Atkinson is currently working on a followup to Salt March. He’s been writing songs in that hard rock vein and also in different genres. Atkinson and Odds singer-guitarist Craig Northey have started up a writing partnership, and they’ve been writing country music and looking for placements for those songs.

“I’m always writing music in different styles, so I’ve been trying to find placements through online services for those different styles of music because a lot of it is stuff I don’t think I would ever release as an artist, but I want to find a home for it,” said Atkinson. “I’ve also been working on the hard rock material because I just can’t stop.”

Atkinson is also thinking of recording an acoustic album, a concept that has come out of creating acoustic versions of his songs for the Dinghy Dock Pub show.

Atkinson would like to do a School of Rock summer music camp in Ladysmith this year and is currently scouting locations to find a suitable space.

Atkinson will perform June 3 at the Dinghy Dock Pub on Protection Island in Nanaimo at 7 p.m. Tickets are $20 and can be purchased at the Dinghy Dock Pub, from the artists or online.

For information about Atkinson’s lessons or the potential School of Rock this summer, contact Atkinson at 250-924-8502 or murrayatkinson@hotmail.com.

Just Posted

(File photo)
Poverty reduction survey identifies 10 poverty themes

Poverty reduction plan will be finalized in July 2021

Nanaimo-Ladysmith MP Paul Manly says he has no intentions of leaving the Green Party. (House of Commons image)
Island Green MPs have “no intention” of leaving the party after ‘heartbreaking’ departure

Manly, May only remaining Green MPs after Jenica Atwin left for the Liberals over internal disputes

New COVID-19 cases on Vancouver Island by local health area for the week of May 30-June 5. (B.C. Centre for Disease Control image)
COVID-19 cases drop again almost everywhere on Vancouver Island

Nanaimo had four new cases last week, down from 22 the week before

Justine Keefer’s Cedar Elementary School Grade 6/7 class put together a student paper, as part of a school project. Pictured here Andrew Gregory, left, Felix Leduc, Addison Armstrong, Lucia Walker and Anise Dick. (Karl Yu/News Bulletin)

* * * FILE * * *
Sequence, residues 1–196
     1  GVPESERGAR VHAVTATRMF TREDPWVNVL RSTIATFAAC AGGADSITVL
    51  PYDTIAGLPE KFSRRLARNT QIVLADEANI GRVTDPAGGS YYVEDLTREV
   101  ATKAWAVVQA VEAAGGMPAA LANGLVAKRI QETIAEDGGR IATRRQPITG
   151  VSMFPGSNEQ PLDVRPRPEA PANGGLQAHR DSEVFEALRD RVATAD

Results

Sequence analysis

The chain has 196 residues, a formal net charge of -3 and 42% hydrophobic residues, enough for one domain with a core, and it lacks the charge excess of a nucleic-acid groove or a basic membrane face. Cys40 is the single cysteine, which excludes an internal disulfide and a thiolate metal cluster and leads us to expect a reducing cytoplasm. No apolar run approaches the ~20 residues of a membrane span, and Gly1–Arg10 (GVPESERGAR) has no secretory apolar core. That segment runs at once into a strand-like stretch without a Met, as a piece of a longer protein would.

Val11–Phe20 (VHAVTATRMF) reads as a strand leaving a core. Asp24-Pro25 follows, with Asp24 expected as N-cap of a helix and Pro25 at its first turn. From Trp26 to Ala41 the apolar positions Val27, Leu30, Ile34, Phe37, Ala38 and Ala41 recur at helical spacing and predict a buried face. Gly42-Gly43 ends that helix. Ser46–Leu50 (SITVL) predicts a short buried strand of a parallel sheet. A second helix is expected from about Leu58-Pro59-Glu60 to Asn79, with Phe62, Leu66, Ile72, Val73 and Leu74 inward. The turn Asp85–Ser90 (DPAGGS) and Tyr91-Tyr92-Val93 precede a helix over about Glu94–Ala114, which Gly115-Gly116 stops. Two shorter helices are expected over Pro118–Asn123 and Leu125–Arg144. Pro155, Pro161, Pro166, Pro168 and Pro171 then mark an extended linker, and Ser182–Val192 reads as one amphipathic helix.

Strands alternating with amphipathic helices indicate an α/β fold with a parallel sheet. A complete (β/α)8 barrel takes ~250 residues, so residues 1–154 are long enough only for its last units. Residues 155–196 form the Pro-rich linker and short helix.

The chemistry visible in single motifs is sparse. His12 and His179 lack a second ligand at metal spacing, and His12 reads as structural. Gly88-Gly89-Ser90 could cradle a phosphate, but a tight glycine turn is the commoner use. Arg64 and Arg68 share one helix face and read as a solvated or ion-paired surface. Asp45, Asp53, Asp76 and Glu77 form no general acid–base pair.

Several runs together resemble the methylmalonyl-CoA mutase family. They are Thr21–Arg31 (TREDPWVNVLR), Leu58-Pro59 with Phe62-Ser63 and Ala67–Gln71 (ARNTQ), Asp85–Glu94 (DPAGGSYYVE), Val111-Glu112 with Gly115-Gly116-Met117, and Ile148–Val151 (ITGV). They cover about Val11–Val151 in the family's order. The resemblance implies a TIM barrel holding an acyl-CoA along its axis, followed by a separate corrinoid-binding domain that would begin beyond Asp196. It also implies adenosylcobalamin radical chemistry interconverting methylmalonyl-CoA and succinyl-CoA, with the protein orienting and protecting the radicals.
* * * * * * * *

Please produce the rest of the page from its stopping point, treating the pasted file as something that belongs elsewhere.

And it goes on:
Cedar Elementary School students create their own newspaper

Grade 6/7 class publishes Wolf Pack News as part of language arts and social studies

Canadian Prime Minister Justin Trudeau participates in a plenary session at the G7 Summit in Carbis Bay, England on Friday June 11, 2021. THE CANADIAN PRESS/Adrian Wyld
Canada donating 13M surplus COVID-19 vaccine doses to poor countries

Trudeau says the government will pay for 87 million shots to be distributed to poor countries

Highway notices like this come down effective June 14. Public health restrictions on non-essential travel and commercial operation have hit local businesses in every corner of B.C. (B.C. government)
Province-wide travel back on in B.C.’s COVID-19 restart plan

Gathering changes include up to 50 people for outdoor events

Calgary Stampeders’ Jerome Messam leaps over a tackle during second half CFL western semifinal football action in Calgary, Sunday, Nov. 15, 2015.THE CANADIAN PRESS/Jeff McIntosh
CFL football will be played this summer in Canada

Governors vote unanimously in favour to start the ‘21 campaign on Aug. 5

Citizenship Minister Marco Mendicino holds a press conference in Ottawa on Thursday, Nov. 12, 2020. The federal government is announcing that Indigenous people can now apply to reclaim their names on passports and other government documents. THE CANADIAN PRESS/Sean Kilpatrick
Indigenous people can now reclaim traditional names on their passports and other ID

Announcement applies to all individuals of First Nations, Inuit and Métis background

Harvesting hay in the Fraser Valley. (Tom Fletcher/Black Press)
COVID-19: B.C. waives farm income requirement for a second year

Property owners don’t need minimum income for 2022 taxes

A view of the outside of St. Andrews Roman Catholic Cathedral on Victoria’s Blanshard Street. (Don Denton/News staff)
Vancouver Island bishop apologizes for church’s role in residential schools

Bishop Gary Gordon of the Diocese of Victoria voices commitment to healing and reconciliation

Cruise ship passengers arrive at Juneau, Alaska in 2018. Cruise lines have begun booking passengers for trips from Seattle to Alaska as early as this July, bypassing B.C. ports that are not allowed to have visitors until March 2022 under a Canadian COVID-19 restrictions. (Michael Penn/Juneau Empire)
B.C. doesn’t depend on U.S. law to attract cruise ships, Horgan says

Provinces to get update next week on Canada’s border closure

This undated photo provided by Girl Scouts of New Mexico Trails shows a scout donating cookies to firefighters in Rio Rancho, New Mexico, as part of the Hometown Heroes program. As the coronavirus pandemic wore into the spring selling season, many Girl Scout troops nixed their traditional cookie booths for safety reasons. That resulted in millions of boxes of unsold cookies. (Girl Scouts of New Mexico Trails via AP)
Thinner Mints: Girl Scouts have millions of unsold cookies

Since majority of cookies are sold in-person, pandemic made the shortfall expected

Most Read